If there’s no one there to shatter the illusion or question the truth and actions of caregivers then the anger and shame felt is often internalised and/or acted out in harmful ways, to the self and/or others. This unrecognised pain can lead to adult addictions, the repetition of poor relationships based on that unhelpful dynamic and to behaviours such as fight, flight, freeze and fawn (e.g. workaholism, perfectionism, dissociative scrolling or media binging)

Mostly responsive, “good enough” parents and extended networks produce mostly secure children but almost all of us carry, and continue to use, the maladaptive strategies that we learnt as babies and young children. This is inevitable and, one might argue, a source of our human-ness. It can be the work of a lifetime to become aware of and undo these learnt responses and models. The behavioural grooves which early childhood carves in the brain are deep and well-worn and it take conscious effort, and time, to change tracks and take a different direction. It’s challenging but valuable work.

The trauma of a child who has been seen with disapproval and experienced a denial of its fundamental needs and feelings is a trauma that needs to be borne witness to, both within and without.

We need to be mirrored, to have our feelings and needs understood in those early years as often as possible so that we develop trust in ourselves and know how to interact in boundaried and respectful ways with others. To do this we need enough safety in ourselves, as well as within our relationships and personal space, to begin to feel and understand what we are experiencing and why.  Feeling safe enough can create space to play, create and can provide access to the joy and pleasure, in body, mind and spirit, that is sorely needed. Relationships can create this (as my partner discovered through his relationship with my children) as can projects and other experiences of consensual and caring community. A trauma informed therapist can support this work as can a tool box of skills such as journalling, drawing, doodling, creating, dream-diarying and your-body appropriate movement.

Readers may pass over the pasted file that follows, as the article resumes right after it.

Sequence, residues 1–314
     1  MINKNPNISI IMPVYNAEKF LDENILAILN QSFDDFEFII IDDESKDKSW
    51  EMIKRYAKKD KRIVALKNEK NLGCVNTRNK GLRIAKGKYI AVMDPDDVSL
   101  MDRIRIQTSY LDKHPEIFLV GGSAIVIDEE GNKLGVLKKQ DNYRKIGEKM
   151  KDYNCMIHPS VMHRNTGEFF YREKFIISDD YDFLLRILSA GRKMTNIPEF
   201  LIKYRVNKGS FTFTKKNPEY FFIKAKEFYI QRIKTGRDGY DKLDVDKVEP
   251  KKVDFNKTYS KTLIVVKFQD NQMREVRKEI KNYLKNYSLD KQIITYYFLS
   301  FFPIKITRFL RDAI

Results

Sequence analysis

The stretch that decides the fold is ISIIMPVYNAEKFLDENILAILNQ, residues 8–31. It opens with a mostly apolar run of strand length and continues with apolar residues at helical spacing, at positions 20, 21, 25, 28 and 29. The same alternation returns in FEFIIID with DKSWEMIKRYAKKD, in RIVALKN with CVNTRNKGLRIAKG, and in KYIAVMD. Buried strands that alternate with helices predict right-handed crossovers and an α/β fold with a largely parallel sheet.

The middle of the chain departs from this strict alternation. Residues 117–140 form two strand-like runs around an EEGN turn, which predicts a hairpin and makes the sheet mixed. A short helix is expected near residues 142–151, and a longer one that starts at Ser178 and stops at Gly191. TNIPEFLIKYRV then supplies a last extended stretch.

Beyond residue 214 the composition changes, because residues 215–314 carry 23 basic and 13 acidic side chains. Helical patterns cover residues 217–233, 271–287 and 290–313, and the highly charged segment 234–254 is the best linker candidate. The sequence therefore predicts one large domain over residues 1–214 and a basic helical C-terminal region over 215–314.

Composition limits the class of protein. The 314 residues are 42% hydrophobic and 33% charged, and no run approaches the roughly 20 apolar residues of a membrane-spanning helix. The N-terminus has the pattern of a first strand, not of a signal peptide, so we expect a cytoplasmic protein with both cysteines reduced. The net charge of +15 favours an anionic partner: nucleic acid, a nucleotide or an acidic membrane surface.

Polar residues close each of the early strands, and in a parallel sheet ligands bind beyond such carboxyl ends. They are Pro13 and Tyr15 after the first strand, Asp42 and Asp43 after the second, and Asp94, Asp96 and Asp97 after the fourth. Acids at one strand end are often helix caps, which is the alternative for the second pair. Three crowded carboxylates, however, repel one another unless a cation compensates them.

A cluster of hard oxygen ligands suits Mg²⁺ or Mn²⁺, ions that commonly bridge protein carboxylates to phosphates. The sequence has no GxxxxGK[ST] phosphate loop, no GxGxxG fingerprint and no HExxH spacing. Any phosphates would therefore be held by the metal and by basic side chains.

And if, like me, you’re a person who has family and partners and who has only recently aware of the harm caused and created by your past experiences then, please, trust me when I say that you can and will feel better. Knowing the truth about your past will free your present and transform your future.

Recommended Reading

Recovery – Gravitz and Bowden

C-ptsd – Pete Walker

The Dance of Anger / The Dance of Intimacy– Harriet Lerner

The Truth will set you free – Alice Miller


If you are looking for a private therapist, here are some links: London GSRD Practice and Pink Therapy 

London Friend, the LGBT foundation, and Metro can help you find low cost therapy.

Anita Cassidy – me, the writer of this 🙂 – can support with creative coaching and relationship mentoring

If you’re in crisis, here are links to people who can help:

Shout crisis textline


Mind Guide to Mental Health Crisis